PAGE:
Multiimage techniques are not new.  A number of photographers as early as Henry Peach Robinson (1830-1901) and Oscar Rejlander (1813-1875) began to produce composite images in the 1850's made from several different images.  Rejlander's THE TWO WAYS OF LIFE" in 1857 combined over 30 negatives into one compositon with remarkable realism. The inability of daguerreotypes, wet plate processes, and early films to record the long dynamic range of both sky and subject produced the necessity of combing sky and subject images into one image until the 1930's. A multitude of photographers mastered this process.

However, it has been the advent of digital imaging and the computer's role in post processing the image(s) that has brought the possibilities of (relatively easily) using multishot techniques into everyday photograhy.  Though still requiring careful and meticulous work, it is not uncommon to daily see photographs that have been produced through multishot techniques.

The most common multishot techniques are:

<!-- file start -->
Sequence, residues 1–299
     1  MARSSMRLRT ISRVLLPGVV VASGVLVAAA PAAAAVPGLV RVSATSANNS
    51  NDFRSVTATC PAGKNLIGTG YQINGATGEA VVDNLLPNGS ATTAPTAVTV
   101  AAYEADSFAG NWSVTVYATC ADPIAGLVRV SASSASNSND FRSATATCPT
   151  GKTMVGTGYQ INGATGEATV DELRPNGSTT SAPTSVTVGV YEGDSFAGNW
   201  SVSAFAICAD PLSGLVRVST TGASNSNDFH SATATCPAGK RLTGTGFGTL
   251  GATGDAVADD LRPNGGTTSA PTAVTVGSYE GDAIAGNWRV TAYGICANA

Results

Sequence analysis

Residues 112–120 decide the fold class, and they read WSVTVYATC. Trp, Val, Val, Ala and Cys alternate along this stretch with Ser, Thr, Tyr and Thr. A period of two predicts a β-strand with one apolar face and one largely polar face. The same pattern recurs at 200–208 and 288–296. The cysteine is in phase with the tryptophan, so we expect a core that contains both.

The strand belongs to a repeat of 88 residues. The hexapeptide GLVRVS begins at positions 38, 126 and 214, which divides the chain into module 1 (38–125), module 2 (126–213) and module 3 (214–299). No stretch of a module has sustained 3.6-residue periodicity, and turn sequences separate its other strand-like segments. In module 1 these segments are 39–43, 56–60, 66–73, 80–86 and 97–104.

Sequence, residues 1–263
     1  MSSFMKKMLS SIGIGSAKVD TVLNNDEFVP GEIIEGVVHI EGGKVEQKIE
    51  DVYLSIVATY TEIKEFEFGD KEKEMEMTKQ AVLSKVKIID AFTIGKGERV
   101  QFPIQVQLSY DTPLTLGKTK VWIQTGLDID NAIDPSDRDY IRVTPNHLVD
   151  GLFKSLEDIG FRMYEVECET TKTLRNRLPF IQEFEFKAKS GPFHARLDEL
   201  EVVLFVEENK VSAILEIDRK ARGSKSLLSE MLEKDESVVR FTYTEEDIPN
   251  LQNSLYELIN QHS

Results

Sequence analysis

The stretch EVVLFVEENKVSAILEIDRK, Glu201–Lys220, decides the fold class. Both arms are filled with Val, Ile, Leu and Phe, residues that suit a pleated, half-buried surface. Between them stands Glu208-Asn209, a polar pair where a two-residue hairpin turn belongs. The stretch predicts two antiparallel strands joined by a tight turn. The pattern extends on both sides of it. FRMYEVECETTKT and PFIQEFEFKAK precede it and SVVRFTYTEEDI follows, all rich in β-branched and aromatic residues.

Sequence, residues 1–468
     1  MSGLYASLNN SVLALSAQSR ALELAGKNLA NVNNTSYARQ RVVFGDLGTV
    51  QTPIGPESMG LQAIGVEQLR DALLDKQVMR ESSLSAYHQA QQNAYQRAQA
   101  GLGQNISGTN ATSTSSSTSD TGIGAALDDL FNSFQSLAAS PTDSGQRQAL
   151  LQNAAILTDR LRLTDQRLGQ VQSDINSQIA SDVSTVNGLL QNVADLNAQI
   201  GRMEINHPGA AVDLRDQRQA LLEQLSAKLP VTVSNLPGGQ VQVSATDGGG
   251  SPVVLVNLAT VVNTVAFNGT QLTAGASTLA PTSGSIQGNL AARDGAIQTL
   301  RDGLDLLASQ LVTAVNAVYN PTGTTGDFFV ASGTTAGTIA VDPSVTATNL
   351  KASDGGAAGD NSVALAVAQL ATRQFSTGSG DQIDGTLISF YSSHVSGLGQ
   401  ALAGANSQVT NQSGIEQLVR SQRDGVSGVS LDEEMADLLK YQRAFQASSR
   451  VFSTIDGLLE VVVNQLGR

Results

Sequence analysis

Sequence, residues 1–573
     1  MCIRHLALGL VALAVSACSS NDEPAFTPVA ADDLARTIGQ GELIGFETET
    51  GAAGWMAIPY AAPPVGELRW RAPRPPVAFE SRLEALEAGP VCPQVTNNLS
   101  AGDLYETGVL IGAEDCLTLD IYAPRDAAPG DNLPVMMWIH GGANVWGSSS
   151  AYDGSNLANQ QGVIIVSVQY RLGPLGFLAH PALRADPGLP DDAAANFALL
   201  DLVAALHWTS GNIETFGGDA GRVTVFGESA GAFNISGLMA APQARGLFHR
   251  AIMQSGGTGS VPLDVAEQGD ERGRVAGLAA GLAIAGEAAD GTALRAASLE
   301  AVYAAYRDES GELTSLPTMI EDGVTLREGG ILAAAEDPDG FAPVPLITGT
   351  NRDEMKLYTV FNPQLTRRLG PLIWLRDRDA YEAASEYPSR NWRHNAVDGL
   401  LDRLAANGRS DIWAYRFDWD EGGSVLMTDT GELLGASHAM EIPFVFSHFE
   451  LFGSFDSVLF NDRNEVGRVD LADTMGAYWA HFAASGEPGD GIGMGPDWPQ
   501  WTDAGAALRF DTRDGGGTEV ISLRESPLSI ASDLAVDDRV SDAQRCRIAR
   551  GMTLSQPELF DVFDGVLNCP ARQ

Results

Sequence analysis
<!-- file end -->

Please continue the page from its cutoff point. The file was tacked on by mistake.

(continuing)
1. high dynamic range images that produce detail in both the highlights and the shadows far beyond the range of common films,
  2. super-resolution images consisting of thousands of megabytes—or even gigabytes–of data when contrasted to normal digital images that consist of perhaps 50 to 100 maximum megabytes of data,
  3. extended depth of field which defys to laws of optics when compared to the results of normal photography, and finally
  4. stitching images together to take pictures (often panoramas) that cannot be produced by conventional means.

Juergen Gulbins and Rainer Gulpins should be familiar to the readers of Rocky Nook books in that Juergen was the co-author with Uwe Steinmuller of FINE ART PRINTING FOR PHOTOGRAPHERS, and the author of DIGITAL PHOTOGRAPHY FROM THE GROUND UP. Rainer Gulpins is a well-known photographer whose work has ranged from the Sahara to the Canadian wilderness as he has illustrated his travels. He has translated photography books for German publishers and acts as a consultant for many photographic projects.